# Get current batchfile directory

Firstly, I saw this topic but I couldn't understand that.

Question :

There is a batch file in D:\path\to\file.bat with following content :

echo %cd%
pause


Output is :

C:\


It must be D:\path\to

What am I doing wrong?

• If you are in c:\ when you type the batch file name then c:\ is what %cd% will print. – foxidrive Jun 12 '13 at 12:31

System read-only variable %CD% keeps the path of the caller of the batch, not the batch file location.

You can get the name of the batch script itself as typed by the user with %0 (e.g. scripts\mybatch.bat). Parameter extensions can be applied to this so %~dp0 will return the Drive and Path to the batch script (e.g. W:\scripts\) and %~f0 will return the full pathname (e.g. W:\scripts\mybatch.cmd).

You can refer to other files in the same folder as the batch script by using this syntax:

CALL %0\..\SecondBatch.cmd


This can even be used in a subroutine, Echo %0 will give the call label but, echo "%~nx0" will give you the filename of the batch script.

When the %0 variable is expanded, the result is enclosed in quotation marks.

• Look, I do not need to run stm.sql in D:\Dir1\Dir2\stm.sql. I need mysql.exe -u root -p mysql < %cd%\stm.sql to execute that stm.sql commands. – Anis Hamidi Jun 12 '13 at 11:32
• @HamedKamrava is it for my SQL batch? not batch file like *.bat or *.sh? – Stoleg Jun 12 '13 at 11:34
• System read-only variable %CD% keep the path of the caller of the batch, not the batch file location. – Stoleg Jun 12 '13 at 11:50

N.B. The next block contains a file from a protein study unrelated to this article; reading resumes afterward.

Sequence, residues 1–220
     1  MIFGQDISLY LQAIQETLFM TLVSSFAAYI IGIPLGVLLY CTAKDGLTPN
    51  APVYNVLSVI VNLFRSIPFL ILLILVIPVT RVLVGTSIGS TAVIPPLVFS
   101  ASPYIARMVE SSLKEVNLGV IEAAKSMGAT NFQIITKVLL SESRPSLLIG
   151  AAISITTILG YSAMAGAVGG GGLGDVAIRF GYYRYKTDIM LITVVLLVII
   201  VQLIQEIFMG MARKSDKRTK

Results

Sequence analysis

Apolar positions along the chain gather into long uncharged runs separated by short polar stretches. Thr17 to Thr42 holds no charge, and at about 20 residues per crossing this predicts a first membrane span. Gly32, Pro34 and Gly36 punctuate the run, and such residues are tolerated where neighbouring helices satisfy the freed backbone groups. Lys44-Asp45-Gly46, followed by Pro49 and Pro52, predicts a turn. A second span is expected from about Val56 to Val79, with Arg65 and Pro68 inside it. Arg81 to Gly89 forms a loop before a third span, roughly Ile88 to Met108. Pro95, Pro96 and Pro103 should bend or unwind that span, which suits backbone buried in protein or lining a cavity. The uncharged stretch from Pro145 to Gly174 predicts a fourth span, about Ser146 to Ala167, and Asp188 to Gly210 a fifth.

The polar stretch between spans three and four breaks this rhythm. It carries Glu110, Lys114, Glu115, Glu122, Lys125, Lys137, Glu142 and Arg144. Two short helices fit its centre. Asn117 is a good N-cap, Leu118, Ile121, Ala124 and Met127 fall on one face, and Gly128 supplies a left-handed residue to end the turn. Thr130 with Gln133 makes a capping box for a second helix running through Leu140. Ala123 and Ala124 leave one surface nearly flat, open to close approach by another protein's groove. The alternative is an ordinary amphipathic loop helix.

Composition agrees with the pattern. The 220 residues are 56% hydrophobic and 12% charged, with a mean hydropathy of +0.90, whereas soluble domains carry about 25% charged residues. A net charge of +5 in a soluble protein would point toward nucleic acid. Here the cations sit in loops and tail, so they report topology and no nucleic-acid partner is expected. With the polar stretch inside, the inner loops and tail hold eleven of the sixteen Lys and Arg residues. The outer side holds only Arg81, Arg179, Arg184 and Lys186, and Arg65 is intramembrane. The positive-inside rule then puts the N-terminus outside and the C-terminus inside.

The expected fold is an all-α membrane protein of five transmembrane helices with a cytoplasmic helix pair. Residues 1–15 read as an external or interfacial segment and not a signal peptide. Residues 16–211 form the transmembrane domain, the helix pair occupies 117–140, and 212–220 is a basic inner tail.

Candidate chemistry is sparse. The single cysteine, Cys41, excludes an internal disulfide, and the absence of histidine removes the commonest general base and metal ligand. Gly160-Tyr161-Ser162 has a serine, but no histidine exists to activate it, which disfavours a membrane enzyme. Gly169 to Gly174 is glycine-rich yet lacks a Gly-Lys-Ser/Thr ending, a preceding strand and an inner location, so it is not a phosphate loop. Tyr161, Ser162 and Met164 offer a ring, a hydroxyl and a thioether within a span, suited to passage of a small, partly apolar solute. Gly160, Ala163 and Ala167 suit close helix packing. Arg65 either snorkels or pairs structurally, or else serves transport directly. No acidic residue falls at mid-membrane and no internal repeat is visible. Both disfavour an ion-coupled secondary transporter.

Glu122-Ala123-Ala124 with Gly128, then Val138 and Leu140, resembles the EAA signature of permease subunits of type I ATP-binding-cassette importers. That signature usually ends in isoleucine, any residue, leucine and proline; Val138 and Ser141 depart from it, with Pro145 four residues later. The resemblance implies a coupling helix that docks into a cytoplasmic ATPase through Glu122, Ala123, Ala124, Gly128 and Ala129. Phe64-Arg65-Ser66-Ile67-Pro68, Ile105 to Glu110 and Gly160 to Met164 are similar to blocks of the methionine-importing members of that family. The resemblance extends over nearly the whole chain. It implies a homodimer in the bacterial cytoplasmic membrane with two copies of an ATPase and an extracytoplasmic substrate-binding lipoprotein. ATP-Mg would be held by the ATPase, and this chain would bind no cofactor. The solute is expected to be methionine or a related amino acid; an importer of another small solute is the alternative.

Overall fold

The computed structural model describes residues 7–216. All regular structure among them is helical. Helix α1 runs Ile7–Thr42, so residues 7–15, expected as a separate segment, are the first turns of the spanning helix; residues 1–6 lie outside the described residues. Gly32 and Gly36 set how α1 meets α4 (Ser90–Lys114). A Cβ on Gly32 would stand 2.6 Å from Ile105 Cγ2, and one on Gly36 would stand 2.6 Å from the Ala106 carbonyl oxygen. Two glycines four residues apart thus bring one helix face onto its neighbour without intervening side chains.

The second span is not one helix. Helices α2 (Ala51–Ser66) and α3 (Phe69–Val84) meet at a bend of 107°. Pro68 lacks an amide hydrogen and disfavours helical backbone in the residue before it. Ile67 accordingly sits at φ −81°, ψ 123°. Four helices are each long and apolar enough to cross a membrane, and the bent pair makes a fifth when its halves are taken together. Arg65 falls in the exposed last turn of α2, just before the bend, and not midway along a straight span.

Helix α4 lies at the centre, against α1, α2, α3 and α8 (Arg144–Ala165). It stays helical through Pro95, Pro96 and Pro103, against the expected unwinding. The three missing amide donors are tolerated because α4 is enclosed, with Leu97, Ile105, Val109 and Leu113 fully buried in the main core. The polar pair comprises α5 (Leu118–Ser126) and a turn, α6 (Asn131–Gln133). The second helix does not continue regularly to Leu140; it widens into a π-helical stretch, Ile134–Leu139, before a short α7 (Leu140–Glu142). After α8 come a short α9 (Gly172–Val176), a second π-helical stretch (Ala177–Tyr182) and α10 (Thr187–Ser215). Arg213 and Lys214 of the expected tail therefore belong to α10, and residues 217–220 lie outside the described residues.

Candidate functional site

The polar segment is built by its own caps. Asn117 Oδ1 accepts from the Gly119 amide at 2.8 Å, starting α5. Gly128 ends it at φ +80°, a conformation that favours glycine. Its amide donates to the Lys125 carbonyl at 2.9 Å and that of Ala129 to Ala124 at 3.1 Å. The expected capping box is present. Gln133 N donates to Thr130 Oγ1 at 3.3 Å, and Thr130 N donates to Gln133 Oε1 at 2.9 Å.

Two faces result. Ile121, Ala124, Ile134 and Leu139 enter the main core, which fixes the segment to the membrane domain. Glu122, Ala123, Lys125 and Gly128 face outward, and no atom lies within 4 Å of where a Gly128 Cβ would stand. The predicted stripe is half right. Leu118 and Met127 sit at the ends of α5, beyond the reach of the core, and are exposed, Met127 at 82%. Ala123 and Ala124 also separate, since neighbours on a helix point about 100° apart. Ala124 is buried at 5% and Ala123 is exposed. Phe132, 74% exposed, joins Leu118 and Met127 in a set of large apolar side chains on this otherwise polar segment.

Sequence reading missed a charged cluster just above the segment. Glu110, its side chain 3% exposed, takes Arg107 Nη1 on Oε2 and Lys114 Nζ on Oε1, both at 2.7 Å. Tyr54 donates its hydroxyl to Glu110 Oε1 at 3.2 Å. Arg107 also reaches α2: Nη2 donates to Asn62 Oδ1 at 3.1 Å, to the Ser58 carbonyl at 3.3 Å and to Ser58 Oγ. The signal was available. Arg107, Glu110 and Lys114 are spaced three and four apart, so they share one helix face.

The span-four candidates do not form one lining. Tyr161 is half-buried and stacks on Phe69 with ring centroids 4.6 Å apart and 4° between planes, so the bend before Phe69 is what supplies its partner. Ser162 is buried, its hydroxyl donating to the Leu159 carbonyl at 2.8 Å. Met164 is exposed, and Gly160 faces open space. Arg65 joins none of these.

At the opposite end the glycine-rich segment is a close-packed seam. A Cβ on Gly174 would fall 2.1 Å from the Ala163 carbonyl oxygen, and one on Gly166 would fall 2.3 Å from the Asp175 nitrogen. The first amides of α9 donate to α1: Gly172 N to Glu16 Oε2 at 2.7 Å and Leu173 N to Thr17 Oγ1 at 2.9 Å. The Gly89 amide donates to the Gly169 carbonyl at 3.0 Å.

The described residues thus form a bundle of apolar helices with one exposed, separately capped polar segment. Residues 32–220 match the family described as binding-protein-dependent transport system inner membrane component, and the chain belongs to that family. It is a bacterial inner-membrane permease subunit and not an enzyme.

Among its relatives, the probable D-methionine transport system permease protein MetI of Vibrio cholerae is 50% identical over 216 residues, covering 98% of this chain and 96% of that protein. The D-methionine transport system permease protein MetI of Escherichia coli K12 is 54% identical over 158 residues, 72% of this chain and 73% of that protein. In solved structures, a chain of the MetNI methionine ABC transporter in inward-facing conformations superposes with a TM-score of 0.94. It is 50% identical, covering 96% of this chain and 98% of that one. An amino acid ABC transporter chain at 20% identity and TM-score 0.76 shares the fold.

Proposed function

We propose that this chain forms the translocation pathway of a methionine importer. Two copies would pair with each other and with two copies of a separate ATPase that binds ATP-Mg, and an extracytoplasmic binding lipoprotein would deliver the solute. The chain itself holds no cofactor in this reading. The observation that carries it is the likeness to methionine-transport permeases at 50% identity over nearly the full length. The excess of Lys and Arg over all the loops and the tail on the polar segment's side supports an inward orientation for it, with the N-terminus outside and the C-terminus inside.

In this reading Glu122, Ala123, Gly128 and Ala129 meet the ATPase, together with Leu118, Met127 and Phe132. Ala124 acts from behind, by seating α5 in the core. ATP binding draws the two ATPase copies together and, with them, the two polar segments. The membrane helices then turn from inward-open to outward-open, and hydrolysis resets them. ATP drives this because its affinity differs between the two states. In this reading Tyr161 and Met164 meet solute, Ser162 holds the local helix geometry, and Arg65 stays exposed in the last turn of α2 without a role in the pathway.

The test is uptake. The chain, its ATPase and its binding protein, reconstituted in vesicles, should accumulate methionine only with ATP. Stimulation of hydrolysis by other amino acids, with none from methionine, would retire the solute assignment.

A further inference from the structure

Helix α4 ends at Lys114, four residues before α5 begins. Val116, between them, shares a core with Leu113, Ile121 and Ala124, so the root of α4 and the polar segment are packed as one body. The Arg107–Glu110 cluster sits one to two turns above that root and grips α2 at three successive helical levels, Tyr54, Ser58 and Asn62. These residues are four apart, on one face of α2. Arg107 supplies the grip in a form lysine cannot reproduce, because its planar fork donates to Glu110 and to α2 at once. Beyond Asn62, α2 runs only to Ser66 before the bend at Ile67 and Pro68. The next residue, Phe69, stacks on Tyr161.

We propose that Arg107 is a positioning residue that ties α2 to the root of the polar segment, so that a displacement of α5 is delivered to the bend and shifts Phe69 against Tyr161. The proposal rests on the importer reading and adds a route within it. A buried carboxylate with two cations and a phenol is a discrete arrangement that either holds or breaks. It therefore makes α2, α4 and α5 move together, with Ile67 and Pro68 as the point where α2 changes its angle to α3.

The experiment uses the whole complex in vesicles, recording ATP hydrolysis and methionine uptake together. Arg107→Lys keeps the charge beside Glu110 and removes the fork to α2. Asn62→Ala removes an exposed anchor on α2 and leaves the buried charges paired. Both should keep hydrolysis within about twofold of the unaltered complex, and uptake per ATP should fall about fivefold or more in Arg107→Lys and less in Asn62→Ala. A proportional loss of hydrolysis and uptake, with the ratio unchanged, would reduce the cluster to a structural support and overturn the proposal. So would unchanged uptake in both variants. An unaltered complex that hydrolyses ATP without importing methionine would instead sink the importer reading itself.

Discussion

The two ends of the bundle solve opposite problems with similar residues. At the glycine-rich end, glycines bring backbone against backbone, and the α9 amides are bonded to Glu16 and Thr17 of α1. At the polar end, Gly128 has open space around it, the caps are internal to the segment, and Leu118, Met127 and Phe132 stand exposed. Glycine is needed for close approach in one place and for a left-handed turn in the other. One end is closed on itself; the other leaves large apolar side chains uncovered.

• @HamedKamrava: Just use %~DP0 as Stoleg said in his answer... – Aacini Jun 12 '13 at 12:02
• echo %~dp0 will return path to batch location. echo %~f0 will return path to the batch with filename. – Stoleg Jun 12 '13 at 12:03

Very simple:

setlocal
cd /d %~dp0
File.exe

• The code is short but it is not simple to understand. What is this File.exe? Is the current directory path stored in %~dp0 ? – Ivailo Bardarov May 5 '17 at 10:06
• @IvailoBardarov Here is the answer: stackoverflow.com/a/18310141/5259296 – AndreyWD Sep 22 '17 at 20:23
• This answer actually answers the question, I think. Kudos. – macetw Oct 4 '17 at 23:14
• I just used cd /d %~dp0 as first line of batch file and worked – mkb Oct 25 '17 at 4:03
• why need setlocal? it returns well without that too? – T.Todua Apr 13 '18 at 9:39

set mypath=%cd%


You can now use the variable %mypath% to reference the file path to the .bat file. To verify the path is correct:

@echo %mypath%


For example, a file called DIR.bat with the following contents

set mypath=%cd%
@echo %mypath%
Pause


run from the directory g:\test\bat will echo that path in the DOS command window.

• this is finest and simplest solution – Nani Feb 5 '18 at 19:00
• no, %cd% doest work for new instances or etc.. – T.Todua Apr 13 '18 at 9:40
• This is not a good solution because it does not take into account the batch script being called from another file on another path. – theQuestionMan May 1 '18 at 22:04